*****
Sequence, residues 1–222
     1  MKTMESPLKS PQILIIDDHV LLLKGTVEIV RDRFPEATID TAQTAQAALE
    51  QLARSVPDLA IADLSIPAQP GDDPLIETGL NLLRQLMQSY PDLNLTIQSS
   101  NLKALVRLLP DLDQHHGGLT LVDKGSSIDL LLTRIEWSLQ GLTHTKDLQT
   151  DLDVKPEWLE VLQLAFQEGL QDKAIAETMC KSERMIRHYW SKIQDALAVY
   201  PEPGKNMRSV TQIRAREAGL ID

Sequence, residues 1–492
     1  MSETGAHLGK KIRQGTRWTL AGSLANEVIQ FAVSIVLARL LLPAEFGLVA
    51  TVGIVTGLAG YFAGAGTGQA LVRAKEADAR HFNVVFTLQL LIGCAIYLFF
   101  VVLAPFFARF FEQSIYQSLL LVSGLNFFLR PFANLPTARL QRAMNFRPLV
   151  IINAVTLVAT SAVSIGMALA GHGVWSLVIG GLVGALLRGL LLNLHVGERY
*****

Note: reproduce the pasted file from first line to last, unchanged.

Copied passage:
Sequence, residues 1–222
     1  MKTMESPLKS PQILIIDDHV LLLKGTVEIV RDRFPEATID TAQTAQAALE
    51  QLARSVPDLA IADLSIPAQP GDDPLIETGL NLLRQLMQSY PDLNLTIQSS
   101  NLKALVRLLP DLDQHHGGLT LVDKGSSIDL LLTRIEWSLQ GLTHTKDLQT
   151  DLDVKPEWLE VLQLAFQEGL QDKAIAETMC KSERMIRHYW SKIQDALAVY
   201  PEPGKNMRSV TQIRAREAGL ID

Sequence, residues 1–492
     1  MSETGAHLGK KIRQGTRWTL AGSLANEVIQ FAVSIVLARL LLPAEFGLVA
    51  TVGIVTGLAG YFAGAGTGQA LVRAKEADAR HFNVVFTLQL LIGCAIYLFF
   101  VVLAPFFARF FEQSIYQSLL LVSGLNFFLR PFANLPTARL QRAMNFRPLV
   151  IINAVTLVAT SAVSIGMALA GHGVWSLVIG GLVGALLRGL LLNLHVGERY